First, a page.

I think America still has an edge on giving opportunities early in the careers of people who want to deliver and pursue a dream of becoming a scientist or a clinician. It's a great place to train and work early on in your career. 

It's not easy - you have to pass exams in order for America to recognise your medical degrees. The sooner you apply for the USMLE test the better - as soon as you finish medical school - because many of the questions that are asked in those tests actually refer to biology, chemistry and things that you study in the first years of medicine. 

The later you do this test, the more likely you will have to study, because things change over the years. So, if you intend to go to America, take the test sooner rather than later. Then, consider the option of potentially specialising there, if you want to pursue a career there. 

 

So you had your residency in Italy, then moved to America to take the fellowship? 

Yes - my story is quite an outlier, because I took the USMLE, then some fellowship training in America, but I didn't specialise formally there - I kept my specialisation in Italy. 

The reason why my specialty was then recognised was because when people tried to recruit me in New York, they felt that I specialised in metabolic surgery - a new discipline - or surgical treatment of type 2 diabetes. At that point, this was so new that there were not enough surgeons in America with that type of expertise. 

So, I was given a full licence in the State of New York, based on the fact that I had practised this discipline myself for many years in Italy and France. It is said that this is equivalent to having specialised, especially given the fact that there isn't such specific training. Today, it's a different story - metabolic surgery is a recognised specialty.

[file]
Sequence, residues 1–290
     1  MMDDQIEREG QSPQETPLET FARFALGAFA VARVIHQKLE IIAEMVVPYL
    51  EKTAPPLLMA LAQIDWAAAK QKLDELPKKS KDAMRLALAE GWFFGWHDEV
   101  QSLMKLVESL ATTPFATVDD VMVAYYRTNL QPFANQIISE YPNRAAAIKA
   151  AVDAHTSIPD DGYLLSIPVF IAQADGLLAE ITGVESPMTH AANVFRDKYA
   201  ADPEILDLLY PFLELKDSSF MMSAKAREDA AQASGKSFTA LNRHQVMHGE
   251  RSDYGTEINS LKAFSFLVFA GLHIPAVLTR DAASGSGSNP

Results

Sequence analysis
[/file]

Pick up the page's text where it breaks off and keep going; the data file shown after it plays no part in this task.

What led you to leave the US and come back to the UK? 

There are a number of reasons why you make such a move. I was contemplating other options in the US as well, in other big hospitals. All these opportunities were quite interesting to me, and also flattering in terms of progression of career. 

What really attracted me from an academic standpoint is that King's is a prestigious university, and the fact that they were contemplating establishing a new chair in the field that didn't have any academic recognition before. 

In fact, it was the culmination of a career where I was one of the people who, from the early 2000s, started to promote the idea of metabolic surgery, and seeing that being recognised formally, with an academic chair was appealing. 

Another attraction was that I had always been very vocal about the fact that there is such a thing as surgical treatment of diabetes. It's now a reality, but back then it wasn't even conceivable to think about operating on diabetes. 

So, the fact that the chair of metabolic surgery was actually within the diabetes department was very attractive. It resonates with my idea that there isn't such a thing as a surgical disease or a medical disease - there are diseases and there are treatments. 

So here was a surgical programme that could be under the department of diabetes, and was breaking down those barriers that I was hoping to break with my own initiatives. 

Family was a very important reason. My parents in Italy, particularly my mother, were ill, and they would have not been able to continue to come visit me in America. Being in London, you're close to everything, you're very close to Italy, and I could visit my parents more often. 

I don't regret that choice because my mother unfortunately passed away a couple of years ago, and I would have not had the opportunity to just jump on a plane and see her as I have in the last years of her life. It was a blessing for me to have that opportunity.

 

How did you first become involved in research?